Can Murkowski Win As A Write In Candidate ? Don’t Say “No” Just Yet
While it will be difficult, the idea that Lisa Murkowski could win a write-in bid to retain her Senate seat is not at all implausible.
Despite Sarah Palin’s assessment, Nate Silver argues that it’s not entirely out of the realm of possibility for Lisa Murkowski to win a write-in campaign in November but he also warns that we shouldn’t necessarily trust any of the polling that we see over the next six weeks:
Can Ms. Murkowski win? Sure she can. There is plenty of precedent for write-ins being elected to the Congress, although fewer have done so successfully in recent years. Meanwhile, a poll by Public Policy Polling found Ms. Murkowski getting 34 percent of the vote against Mr. Miller’s 38 percent and Mr. McAdams’ 22 percent. Private polling has also shown Ms. Murkowski running closely with Mr. Miller, according to The Hotline.
These polls must be approached with some caution. The survey from Public Policy Polling, for instance, asked voters to contemplate what they would do if Ms. Murkowski’s name appeared on the ballot as a Libertarian — rather than as a write-in.
The extent to which Ms. Murkowski, as a write-in, will sacrifice votes she otherwise might have received is unclear. Some voters might forget that she is running, or they might find it too cumbersome to fill out her name. Others might desire to do so, but might fill out their ballots incorrectly.
Silver compares Murkowski’s bid to that of Shelly Sekula-Gibbs, who ran as a write-in candidate in Tom DeLay’s old district after he was forced to resign due to an ethics scandal. Pre-election polling showed Gibbs winning against her Democratic opponent. On Election Day, however, Gibbs lost by eight percentage points. The main reason for this, most likely, was the difficulty that voters encounter in casting a write-in ballot. As Silver notes, however, Murkowski has advantages that Gibbs did not:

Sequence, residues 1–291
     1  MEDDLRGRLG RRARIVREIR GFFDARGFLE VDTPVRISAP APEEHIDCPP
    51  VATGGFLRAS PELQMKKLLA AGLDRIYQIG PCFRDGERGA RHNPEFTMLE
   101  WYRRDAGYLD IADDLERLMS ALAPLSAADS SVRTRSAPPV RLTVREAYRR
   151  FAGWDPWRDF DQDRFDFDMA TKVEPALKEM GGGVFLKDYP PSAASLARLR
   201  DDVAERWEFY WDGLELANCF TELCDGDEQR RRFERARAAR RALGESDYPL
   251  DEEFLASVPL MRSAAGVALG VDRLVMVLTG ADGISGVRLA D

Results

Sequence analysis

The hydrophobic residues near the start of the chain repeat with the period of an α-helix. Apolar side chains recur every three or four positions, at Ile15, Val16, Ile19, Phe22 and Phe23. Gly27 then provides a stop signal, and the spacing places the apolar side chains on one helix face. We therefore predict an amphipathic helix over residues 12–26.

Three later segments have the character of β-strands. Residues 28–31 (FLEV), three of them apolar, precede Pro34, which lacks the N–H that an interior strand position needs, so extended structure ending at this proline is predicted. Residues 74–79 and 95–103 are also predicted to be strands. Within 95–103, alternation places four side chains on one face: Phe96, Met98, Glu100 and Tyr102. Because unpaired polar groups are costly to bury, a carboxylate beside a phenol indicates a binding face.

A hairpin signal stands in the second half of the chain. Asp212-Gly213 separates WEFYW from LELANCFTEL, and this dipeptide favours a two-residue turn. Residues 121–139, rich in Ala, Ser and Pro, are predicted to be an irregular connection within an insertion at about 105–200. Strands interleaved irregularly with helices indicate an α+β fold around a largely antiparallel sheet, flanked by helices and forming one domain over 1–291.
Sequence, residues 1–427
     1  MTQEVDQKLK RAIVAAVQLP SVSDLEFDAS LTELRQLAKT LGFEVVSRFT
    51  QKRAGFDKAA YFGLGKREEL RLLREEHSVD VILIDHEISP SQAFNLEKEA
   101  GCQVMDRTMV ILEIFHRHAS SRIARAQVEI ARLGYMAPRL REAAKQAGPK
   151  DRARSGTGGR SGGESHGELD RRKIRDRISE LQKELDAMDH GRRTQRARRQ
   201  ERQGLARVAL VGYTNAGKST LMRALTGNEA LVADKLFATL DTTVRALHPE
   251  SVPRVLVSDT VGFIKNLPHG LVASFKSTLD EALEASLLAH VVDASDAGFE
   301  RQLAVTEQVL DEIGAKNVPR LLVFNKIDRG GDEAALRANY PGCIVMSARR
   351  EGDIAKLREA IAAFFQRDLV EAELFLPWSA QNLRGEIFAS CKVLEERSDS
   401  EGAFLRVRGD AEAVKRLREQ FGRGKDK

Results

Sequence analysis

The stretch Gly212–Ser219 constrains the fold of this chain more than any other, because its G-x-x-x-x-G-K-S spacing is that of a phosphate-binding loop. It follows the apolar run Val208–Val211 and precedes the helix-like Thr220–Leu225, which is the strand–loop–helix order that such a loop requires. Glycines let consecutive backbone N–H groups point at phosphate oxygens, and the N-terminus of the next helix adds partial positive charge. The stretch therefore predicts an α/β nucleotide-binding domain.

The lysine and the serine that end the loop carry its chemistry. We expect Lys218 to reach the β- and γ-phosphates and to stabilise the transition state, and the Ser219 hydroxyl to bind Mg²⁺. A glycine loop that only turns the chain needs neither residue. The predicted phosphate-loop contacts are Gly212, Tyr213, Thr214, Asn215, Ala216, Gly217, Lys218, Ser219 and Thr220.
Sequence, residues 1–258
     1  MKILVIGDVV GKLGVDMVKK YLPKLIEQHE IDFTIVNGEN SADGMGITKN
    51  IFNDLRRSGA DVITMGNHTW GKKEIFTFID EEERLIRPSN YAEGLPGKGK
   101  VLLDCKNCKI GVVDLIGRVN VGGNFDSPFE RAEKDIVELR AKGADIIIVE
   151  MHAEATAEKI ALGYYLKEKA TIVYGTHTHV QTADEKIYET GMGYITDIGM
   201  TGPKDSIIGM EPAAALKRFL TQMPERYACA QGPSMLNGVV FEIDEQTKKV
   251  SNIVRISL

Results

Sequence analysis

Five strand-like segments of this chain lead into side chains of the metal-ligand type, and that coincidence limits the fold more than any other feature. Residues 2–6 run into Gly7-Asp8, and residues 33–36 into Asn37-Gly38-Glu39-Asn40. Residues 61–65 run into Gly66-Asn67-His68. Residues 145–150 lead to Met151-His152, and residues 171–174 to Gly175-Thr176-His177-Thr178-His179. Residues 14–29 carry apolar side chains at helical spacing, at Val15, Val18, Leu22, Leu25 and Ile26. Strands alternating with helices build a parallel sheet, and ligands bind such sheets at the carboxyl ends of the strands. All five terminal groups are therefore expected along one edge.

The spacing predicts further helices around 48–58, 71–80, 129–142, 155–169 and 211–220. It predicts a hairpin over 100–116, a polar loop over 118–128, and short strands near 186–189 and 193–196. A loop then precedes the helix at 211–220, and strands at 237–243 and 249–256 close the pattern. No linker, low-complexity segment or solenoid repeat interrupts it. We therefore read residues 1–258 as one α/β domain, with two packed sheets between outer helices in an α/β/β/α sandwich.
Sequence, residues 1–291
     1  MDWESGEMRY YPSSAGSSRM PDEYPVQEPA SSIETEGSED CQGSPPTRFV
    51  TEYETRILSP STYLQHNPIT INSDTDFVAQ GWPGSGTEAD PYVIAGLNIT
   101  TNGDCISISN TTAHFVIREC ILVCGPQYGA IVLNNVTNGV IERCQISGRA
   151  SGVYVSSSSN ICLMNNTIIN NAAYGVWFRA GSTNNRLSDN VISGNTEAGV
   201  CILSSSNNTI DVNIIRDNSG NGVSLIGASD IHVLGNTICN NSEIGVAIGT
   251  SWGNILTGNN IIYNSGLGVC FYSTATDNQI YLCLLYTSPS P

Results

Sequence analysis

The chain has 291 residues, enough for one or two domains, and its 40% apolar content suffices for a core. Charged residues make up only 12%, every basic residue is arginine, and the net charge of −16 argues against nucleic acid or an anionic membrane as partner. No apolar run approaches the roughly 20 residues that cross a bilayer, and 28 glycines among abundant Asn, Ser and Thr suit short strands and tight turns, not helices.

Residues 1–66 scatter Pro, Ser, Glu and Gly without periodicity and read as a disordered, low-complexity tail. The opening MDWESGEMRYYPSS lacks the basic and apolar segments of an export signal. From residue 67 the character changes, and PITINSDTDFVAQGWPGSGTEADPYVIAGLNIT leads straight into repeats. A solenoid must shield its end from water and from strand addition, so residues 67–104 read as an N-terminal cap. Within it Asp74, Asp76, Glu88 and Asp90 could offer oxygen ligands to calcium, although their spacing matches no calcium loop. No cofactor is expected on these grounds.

The situations of Ms. Sekula-Gibbs and Ms. Murkowski are not directly comparable. Ms. Murkowski, whose father served as Senator and Governor of Alaska from 1981 through 2006, has near-universal name recognition in Alaska, whereas Ms. Sekula-Gibbs — who had previously been a member of the Houston City Council — did not. And, as The Times reported, Alaska’s elections secretary, Gail Fenumiai, is prepared to take a fairly liberal interpretation of voter intent. Ballots that misspell Ms. Murkowski’s surname would probably be counted, for instance, and so might ballots that identified her by her given name (e.g. “Lisa M.”).
Ms. Murkowski also has plenty of access to money; she had more than $1.8 million in cash-in-hand as of early August, although it is unclear how much of it she spent in the late stages of the primary campaign against Mr. Miller.
Finally, Alaska has a large number of independents. A plurality of 42 percent of Alaskans identified themselves that way in exit polling in 2008, one of the highest percentages in the country. Thus, an independent candidacy like Ms. Murkowski’s has a natural constituency of sorts.
The question, of course, is what Murkowski brings to the race that her Democratic and Republican opponents don’t. Quite honestly, that’s hard to say. Which is why I would expect her campaign to be about the independent streak that Alaska is known for.